Vinyasa – Where to begin? There are a ton of western yogis who have adapted yoga for western audiences, many with great success. These include but are not limited to Power, Prana Flow, Baptiste Power, Jivamukti, Om, Forrest, Yee, Liquid Asana, Anusara, Kundalini, Budokon, and Insight. Follow the links to find those teachers. Some other teachers who have not branded their styles to the same extent (and that may be a draw for you in itself) are Jason Crandell, Michael Stone, Natasha Rizopolous, and Donna Farhi.
4. Get to know your instructor(s)
I cannot emphasize enough the importance of familiarizing yourself with your potential training instructor. But the most important thing is getting to know him or her and his/her ethical commitments,which can be done by taking just one or two classes and asking questions of the instructor after class. Doing so will at the very least set up accurate expectations.
Against the backdrop of #2 above, I recommend spending at least 90 minutes observing your potential instructor in his or her interactions with students and others, inside and outside of a classroom setting. Here’s what I recommend looking for:
– What has the instructor done to address his or her own contributions to violence – structural as well as direct – in the world? (I address this here.)
– Does the instructor speak and act in a way that is kind, honest, and appropriate?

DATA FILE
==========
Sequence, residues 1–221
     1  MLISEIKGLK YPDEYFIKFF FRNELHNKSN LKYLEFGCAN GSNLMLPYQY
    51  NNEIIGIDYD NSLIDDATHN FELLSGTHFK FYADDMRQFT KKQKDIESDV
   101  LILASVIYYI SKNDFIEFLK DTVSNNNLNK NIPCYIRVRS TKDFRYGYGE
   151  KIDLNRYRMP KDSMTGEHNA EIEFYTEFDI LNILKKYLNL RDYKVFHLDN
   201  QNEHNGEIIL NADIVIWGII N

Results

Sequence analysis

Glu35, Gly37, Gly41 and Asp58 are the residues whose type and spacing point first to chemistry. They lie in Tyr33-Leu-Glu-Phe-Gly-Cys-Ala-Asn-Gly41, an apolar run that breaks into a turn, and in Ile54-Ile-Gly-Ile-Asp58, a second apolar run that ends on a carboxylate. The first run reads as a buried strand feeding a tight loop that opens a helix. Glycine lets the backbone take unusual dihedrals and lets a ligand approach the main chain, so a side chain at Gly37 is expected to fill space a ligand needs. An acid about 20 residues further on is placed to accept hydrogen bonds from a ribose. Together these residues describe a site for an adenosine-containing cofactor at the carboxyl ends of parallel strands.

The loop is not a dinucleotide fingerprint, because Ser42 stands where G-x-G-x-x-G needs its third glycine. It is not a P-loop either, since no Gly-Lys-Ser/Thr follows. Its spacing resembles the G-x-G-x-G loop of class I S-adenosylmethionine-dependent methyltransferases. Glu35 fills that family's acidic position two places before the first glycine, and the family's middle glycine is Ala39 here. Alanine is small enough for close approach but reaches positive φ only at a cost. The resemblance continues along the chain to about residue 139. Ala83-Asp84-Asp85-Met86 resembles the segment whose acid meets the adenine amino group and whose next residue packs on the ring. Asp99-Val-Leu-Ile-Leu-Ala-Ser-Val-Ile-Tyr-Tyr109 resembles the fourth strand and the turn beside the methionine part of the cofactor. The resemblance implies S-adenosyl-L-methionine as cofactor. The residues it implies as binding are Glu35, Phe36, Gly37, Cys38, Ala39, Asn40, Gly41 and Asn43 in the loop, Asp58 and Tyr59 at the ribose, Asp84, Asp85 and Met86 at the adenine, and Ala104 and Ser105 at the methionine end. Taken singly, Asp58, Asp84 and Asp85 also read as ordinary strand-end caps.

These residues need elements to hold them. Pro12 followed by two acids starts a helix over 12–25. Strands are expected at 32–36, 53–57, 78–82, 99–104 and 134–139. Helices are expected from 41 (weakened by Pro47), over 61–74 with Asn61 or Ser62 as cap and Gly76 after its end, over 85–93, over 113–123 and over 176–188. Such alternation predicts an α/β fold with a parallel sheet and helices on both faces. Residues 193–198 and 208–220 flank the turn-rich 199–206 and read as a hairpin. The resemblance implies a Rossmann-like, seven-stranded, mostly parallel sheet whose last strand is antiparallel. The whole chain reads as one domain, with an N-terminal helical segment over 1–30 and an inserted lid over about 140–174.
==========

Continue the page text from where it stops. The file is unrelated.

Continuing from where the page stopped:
– Is there any suggestion of flirting or sexual innuendo in his or her interactions?
– Does he or she act with selflessness and generosity?
– Does he or she have a sense of humor? Is it one that you can work with?
– Does he or she demonstrate and maintain clear boundaries? Are they ones that make you feel comfortable?
– Is he or she present with you (making eye contact, listening, making time for you) when you ask questions?
– Does he or she delegate responsibilities to others well? I.e., day-to-day operations of a studio and subbing
– Can he or she relate the practice of yoga to the real, everyday lives of working people?
– Does he or she have any additional accreditation aside from being an Experienced Registered Yoga Teacher (E-RYT)? i.e., social work, psychotherapy
Now, nobody is perfect. But many of us reside somewhere on the spectrum and inspire more confidence and trust than others – and the questions above are linked to the very philosophies and ethical principles your instructors will be teaching (i.e., the yamas and niyamas from Patanjali’s Yoga Sutra). It’s important to trust your own gut, t00, to help you find a trustworthy and skilled guide as you head into unfamiliar territory.